TCS Daily


The Diversity We Need

By Max Borders - February 7, 2006 12:00 AM

"America is addicted to oil."
- President George W. Bush, State of the Union (SOTU) address

President Bush's oil addiction line is still ruffling feathers. Perhaps for the Bush team it seemed like a way to toss bones to both the environmental left as well as conservatives bent on cutting revenues to Middle Eastern states at all costs. But in the conservative and free-market base, the strategy has largely backfired. And in the wake of the SOTU address, it's still shaking its collective head.

Instead of playing an environmentalist on TV, President Bush would have done well to renew his call for drilling in the Arctic National Wildlife Refuge (ANWR). Like the call for subsidizing ethanol, the reason most often cited in favor of drilling in ANWR is "energy independence," an idea that arose primarily from concerns that too much US oil comes from Middle Eastern states that either fund terrorism or are potential enemies. But critics rightly point out that ANWR drilling would do little to wean the West from the teat of oil-rich terror nations (and still others argue that cutting trade ties of any sort might actually create enemies). So why call for it? Because independence is largely a chimera. The more appropriate strategy going forward is "energy diversification." And ANWR can be a part of that.

Consider your stock portfolio. It's prudent to spread risk around on a number of picks, such as in a mutual fund, in part to reduce volatility. If we want to think of "energy policy" as whatever decisions the government makes to keep energy prices from fluctuating too wildly, then source diversification is one way forward.

And there are (at least) three good reasons America's primary sources of oil just aren't diverse enough -- the Middle East; Venezuela; and Nigeria. According to the American Petroleum Institute (as of 2003) the breakdown for petroleum import sources by country looked something like this:

  • 17.8 percent from Saudi Arabia
  • 12.8 percent from Venezuela
  • 7.5 percent from Nigeria

Relying on illiberal regimes such as these is rather like putting too many of your investments into tech stocks circa Jan 2000. Now, while a lot of our oil comes from the U.S., Mexico, and Canada, when unstable and illiberal governments sit atop a sizable chunk of the world's oil supply, it's time to consider exploiting more domestic sources. ANWR, of course, is a good start.

The case for keeping ANWR is a weak one. Consider this factoid from the National Resources Defense Council, a green group:

"The so-called 2,000-acre limitation would have allowed oil development to take up as much area as the following items, which could be connected by a network of pipelines and roads: 1,500 football fields; 20 Mall of Americas; or 52 airport runways, 50 more than the number at Columbus International Airport."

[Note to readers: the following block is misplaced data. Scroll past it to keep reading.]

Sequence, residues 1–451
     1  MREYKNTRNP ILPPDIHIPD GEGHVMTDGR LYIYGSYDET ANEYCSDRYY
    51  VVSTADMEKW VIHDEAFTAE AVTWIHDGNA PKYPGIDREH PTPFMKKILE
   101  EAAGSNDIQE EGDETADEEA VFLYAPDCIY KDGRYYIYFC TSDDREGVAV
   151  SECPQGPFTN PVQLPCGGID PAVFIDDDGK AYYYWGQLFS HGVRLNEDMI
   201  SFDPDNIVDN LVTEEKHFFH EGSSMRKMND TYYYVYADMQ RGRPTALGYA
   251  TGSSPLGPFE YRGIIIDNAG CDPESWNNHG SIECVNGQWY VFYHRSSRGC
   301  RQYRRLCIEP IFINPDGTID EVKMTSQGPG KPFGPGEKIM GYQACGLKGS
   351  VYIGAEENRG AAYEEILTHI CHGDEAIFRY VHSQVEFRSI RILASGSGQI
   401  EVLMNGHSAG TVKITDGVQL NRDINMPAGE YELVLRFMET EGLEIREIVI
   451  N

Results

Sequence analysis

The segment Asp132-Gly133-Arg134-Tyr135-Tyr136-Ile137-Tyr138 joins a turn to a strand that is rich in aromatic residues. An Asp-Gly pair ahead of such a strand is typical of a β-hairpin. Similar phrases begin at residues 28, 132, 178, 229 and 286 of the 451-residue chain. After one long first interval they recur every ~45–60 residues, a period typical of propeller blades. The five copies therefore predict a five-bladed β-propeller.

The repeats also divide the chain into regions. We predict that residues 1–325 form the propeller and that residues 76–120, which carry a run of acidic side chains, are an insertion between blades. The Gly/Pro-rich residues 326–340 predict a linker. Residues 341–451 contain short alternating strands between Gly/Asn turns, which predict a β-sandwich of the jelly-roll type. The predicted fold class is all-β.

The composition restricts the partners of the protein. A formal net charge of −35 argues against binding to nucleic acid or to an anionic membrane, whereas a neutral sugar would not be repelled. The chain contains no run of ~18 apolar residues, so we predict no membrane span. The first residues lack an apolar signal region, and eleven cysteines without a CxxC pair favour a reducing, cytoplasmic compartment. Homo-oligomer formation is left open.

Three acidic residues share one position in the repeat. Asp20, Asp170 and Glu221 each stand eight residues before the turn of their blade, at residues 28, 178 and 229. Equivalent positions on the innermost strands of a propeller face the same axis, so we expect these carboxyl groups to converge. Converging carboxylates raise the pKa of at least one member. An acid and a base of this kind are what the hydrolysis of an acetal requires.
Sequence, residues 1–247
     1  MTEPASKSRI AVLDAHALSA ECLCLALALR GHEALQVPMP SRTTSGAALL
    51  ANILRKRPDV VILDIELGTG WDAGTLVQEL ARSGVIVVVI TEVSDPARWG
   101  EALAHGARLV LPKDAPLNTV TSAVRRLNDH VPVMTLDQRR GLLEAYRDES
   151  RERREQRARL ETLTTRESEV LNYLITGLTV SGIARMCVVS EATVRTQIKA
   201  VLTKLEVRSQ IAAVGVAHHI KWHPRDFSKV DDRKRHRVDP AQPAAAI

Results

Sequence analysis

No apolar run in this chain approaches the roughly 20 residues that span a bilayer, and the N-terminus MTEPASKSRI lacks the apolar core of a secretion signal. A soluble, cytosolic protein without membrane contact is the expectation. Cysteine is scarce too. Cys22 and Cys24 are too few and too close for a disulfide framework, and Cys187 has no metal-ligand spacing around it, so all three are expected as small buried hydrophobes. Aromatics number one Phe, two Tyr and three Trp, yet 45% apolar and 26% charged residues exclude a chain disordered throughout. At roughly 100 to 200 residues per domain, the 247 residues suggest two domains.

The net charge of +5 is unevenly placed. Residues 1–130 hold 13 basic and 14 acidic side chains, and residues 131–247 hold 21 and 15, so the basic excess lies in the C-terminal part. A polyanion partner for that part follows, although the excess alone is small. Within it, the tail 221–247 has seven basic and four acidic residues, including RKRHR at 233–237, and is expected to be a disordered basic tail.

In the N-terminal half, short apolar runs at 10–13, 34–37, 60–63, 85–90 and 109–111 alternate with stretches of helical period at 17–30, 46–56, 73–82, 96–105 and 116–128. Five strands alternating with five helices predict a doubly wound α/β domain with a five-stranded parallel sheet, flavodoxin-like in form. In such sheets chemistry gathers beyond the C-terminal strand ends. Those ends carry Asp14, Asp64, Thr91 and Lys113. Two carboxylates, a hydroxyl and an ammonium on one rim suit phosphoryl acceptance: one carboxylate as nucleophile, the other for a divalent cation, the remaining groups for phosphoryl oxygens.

If you didn't notice the "or" you might think that acreage limitation included all in the above list, but if one imagines just 20 malls (2000 acres) dotted around 1.5 million acres -- the approximate size of ANWR's coastal set-aside -- the impact seems a little less horrifying.

A little perspective might help assuage some fears. Consider highlights from these facts provided by the Department of the Interior:

  • ANWR is a 19-million acre landmass in northern Alaska.
  • The Coastal Plain set aside by President Carter for potential exploration and drilling purposes is a 1.5-million acre area.
  • Based on US Fish and Wildlife Service models, there is a 95 percent chance that impact on Caribou calf survival will be negligible.
  • The 2000 acre area represents only .01 percent of ANWR's total acreage.

One irony in all this is that many of the same people in Congress who opposed drilling in ANWR and want reductions in greenhouse gas emissions have demanded that energy companies stop so-called "price gouging." While we may already be seeing the indirect environmental benefits of higher prices -- as people drive less and car companies produce more fuel efficient cars to meet demand by penny-conscious customers -- many in Congress want to see more industry regulation.

These politicians claim tighter efficiency standards will provide benefits comparable to drilling in ANWR. But is this true? Just because we don't pay for the costs of regulation directly at the pump, doesn't mean we don't pay for them. When auto manufacturers add on extraneous components for greater efficiency, they pass along the costs to you and me.

And some of the costs of regulation are felt directly at the pump. As energy policy analyst Ben Liebermann writes:

"The first is the new ethanol mandate -- part of the massive energy bill passed last August. Under the new law, 4 billion gallons of this corn-derived fuel additive will have to be included in the nation's gasoline supply throughout 2006. [...]

"The second regulatory price boost will come as a result of the latest round of sulfur reductions from gasoline, pursuant to a costly Clinton-era regulation. Similar low-sulfur rules applicable to diesel fuel also take effect in 2006 and will have an even bigger impact on diesel costs."

In 2005 it looked as if many politicians were more interested in oiling the squeakiest wheels (environmentalist lobbies) rather than diversifying our sources of energy. But in 2006, they may no longer be able to hide behind the eco-rhetoric. This year, Congress should act to see to it that ANWR becomes another source in our energy portfolio. Otherwise we'll see more price volatility -- and thus more calls by politicians for windfall taxes, price caps, and other industry burdens that will keep investors away from energy (which can drive prices even higher).